The Red Pill
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The Red Pill chronicles filmmaker Cassie Jaye's journey following the mysterious and polarizing Men's Rights Movement. The Red Pill explores today's gender war and asks the question "what is the future of gender equality?" Cassie Jaye’s journey exploring an alternate perspective on gender equality, power and privilege forces her and others to question their own beliefs.
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This isn't a movie about sides. This is a movie about humanity. It's about working together toward a better tomorrow.
Boy, was I in for a surprise.
I will say there are zealots well entrenched in the feminist and MRA camps, those who are clearly out to be heard the loudest. Jaye brought the entire spectrum of both movements to interview, and it painted a light how crucial these groups should be working together in promoting gender equality. Unfortunately, with the "crazies" getting the most attention in mass media with MRA, it removes people from the gender equality discussion who can and should be there. And not so we can tell them they're awful for simply having a penis or having an issue that is platformed in MRA.
The documentary is honest, thought provoking, and brought up issues I never heard about, particularly:
- Father's and a man's rights regarding children [custody[ and [unplanned] pregnancy
- The lack of compassion, understanding, and belief for men who are victims of domestic violence or sexual assault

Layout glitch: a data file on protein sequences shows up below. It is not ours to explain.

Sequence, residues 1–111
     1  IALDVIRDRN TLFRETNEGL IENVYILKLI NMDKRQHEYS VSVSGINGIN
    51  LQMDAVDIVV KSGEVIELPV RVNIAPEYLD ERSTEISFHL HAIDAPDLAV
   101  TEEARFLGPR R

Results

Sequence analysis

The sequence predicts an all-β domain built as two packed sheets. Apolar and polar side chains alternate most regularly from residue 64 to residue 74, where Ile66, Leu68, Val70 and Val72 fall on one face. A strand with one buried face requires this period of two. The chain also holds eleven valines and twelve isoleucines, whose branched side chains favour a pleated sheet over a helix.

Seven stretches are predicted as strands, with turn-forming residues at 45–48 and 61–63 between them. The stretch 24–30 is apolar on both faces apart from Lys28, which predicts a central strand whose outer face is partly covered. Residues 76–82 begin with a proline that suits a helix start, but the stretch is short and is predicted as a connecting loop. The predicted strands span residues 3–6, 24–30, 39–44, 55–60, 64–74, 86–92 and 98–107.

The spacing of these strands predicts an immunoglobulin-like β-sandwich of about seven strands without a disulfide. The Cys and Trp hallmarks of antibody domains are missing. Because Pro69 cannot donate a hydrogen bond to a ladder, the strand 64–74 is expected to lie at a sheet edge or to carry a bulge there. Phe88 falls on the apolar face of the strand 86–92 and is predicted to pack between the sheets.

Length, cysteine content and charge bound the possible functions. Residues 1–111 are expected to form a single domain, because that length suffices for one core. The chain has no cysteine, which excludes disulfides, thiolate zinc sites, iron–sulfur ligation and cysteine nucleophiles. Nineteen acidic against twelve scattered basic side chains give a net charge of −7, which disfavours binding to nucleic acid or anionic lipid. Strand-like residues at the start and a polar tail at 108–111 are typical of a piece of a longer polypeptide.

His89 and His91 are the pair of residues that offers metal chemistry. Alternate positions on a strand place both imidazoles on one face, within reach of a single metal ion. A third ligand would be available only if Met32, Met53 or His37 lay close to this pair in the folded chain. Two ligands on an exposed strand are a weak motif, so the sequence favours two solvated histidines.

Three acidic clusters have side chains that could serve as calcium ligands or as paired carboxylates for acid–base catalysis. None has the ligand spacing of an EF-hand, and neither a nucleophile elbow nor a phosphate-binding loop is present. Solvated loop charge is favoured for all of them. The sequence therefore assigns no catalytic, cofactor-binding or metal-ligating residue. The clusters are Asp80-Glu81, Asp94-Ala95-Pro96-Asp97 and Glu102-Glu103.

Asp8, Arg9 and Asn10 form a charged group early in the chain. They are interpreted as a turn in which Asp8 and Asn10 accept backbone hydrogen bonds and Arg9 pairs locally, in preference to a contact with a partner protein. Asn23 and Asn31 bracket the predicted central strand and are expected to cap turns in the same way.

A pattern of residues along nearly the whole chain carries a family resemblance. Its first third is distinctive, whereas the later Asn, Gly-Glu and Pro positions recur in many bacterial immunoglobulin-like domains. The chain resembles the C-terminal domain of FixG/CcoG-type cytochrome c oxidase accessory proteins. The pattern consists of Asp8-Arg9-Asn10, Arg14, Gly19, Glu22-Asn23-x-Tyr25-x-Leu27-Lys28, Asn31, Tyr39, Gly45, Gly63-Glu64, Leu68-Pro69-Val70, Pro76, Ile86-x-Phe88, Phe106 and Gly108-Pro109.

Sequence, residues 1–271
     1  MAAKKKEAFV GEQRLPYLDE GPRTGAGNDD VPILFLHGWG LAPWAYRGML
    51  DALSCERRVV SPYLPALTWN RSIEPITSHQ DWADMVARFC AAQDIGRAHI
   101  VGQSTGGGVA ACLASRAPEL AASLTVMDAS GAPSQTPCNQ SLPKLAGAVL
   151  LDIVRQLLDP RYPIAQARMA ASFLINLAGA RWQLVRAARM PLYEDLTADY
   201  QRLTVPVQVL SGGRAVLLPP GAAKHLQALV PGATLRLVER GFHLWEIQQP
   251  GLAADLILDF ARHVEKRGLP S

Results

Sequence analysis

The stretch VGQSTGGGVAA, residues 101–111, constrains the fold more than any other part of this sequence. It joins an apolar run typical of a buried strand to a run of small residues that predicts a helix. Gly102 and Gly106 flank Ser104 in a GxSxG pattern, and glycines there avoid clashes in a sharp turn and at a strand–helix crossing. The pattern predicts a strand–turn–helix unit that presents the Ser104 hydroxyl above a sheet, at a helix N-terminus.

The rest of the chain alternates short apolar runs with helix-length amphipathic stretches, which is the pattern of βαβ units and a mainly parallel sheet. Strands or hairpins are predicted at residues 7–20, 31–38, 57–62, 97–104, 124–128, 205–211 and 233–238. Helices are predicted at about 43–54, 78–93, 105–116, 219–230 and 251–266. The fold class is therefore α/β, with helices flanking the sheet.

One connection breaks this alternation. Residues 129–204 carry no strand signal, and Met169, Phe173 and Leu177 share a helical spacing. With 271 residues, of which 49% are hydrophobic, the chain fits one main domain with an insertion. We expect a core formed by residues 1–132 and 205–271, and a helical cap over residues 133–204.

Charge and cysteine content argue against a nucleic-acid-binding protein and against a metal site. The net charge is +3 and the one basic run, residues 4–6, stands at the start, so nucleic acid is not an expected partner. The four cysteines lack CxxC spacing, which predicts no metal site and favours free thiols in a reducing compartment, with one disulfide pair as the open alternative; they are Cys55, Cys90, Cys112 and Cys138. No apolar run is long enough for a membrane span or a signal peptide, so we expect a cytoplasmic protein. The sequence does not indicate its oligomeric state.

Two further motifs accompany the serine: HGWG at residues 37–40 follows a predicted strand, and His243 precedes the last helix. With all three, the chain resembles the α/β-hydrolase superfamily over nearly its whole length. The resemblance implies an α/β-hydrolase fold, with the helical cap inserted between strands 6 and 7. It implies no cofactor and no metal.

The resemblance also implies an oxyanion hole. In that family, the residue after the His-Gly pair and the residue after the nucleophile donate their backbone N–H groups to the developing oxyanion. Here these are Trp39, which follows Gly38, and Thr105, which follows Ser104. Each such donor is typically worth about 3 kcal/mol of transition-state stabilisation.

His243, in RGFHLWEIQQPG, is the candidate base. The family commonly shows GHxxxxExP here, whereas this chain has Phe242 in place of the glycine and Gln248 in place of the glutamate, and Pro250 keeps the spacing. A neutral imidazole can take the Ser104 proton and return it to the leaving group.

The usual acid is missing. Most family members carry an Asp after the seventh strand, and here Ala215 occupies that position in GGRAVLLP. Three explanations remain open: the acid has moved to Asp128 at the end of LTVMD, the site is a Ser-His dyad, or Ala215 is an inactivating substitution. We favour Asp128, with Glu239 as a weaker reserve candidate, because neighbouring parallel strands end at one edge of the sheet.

I admired Jaye's openness for describing this internal struggle she experienced, this need and desire to bring up issues she did identify with in reaction to conversations she had with MRA members. And truthfully, as every interview indicated just how far the spectrum went with both groups, there were things said I disagreed on both sides and in some cases interviewees lacked facts to support their claims by simply referring to "data" (this startled me when I noticed most of this was being done in the "feminist" camp), or referring to numbers without referencing additional variables (mostly in regards to how many man died in battle in comparison to women, but that may have more to do with keeping women out of the front line more than anything).
By the end of this journey, Jaye says to the camera "I no longer call myself a feminist." Take it for the grain of salt that it is. I highly doubt she's going to the other extreme, but it does point out fundamental flaws in how we discuss gender issues and this wave of feminism. I still refer to myself a feminist, but I can say my understanding has broadened significantly, and I clearly have much to learn about gender equality.
I will provide a trigger warning, however: there is a video of a circumcision being done on an infant toward the end. I was against circumcision before, but the video (gods, the cries) is not something I'll soon forget in a hurry.
However, being a victim of two women who tricked me into having children, and being on the hook for a quarter million in child support over my life with minimal custody, there is no doubt that the legal system currently discriminates against men and rewards reproductive fraud by women.
I thought Cassie should have called out lies and spin on both sides with statistics, and delved into the white supremacist ties of the leaders. The rape culture so roundly critized in the beginning was also ignored. But none of that takes away from the message of a double standard in the mainstream media and public institutions to codify certain types of discrimination against males. The fact that the Western media ignored boys being burned alive by Boko Haram but covered kidnapping of girls was just one of many biases exposed in The Red Pill.
Don't believe everything you read and see, but do see this documentary for a valuable point of view. Discrimination is real, let us be mature enough to engage without name calling and work towards true equality for all sides.